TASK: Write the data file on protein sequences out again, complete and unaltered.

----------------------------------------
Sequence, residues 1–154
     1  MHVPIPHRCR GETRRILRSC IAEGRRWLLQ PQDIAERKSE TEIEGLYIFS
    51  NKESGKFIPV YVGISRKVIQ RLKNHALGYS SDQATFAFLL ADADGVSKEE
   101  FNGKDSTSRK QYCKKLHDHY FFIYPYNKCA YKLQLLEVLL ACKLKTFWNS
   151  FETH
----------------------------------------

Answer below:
Sequence, residues 1–154
     1  MHVPIPHRCR GETRRILRSC IAEGRRWLLQ PQDIAERKSE TEIEGLYIFS
    51  NKESGKFIPV YVGISRKVIQ RLKNHALGYS SDQATFAFLL ADADGVSKEE
   101  FNGKDSTSRK QYCKKLHDHY FFIYPYNKCA YKLQLLEVLL ACKLKTFWNS
   151  FETH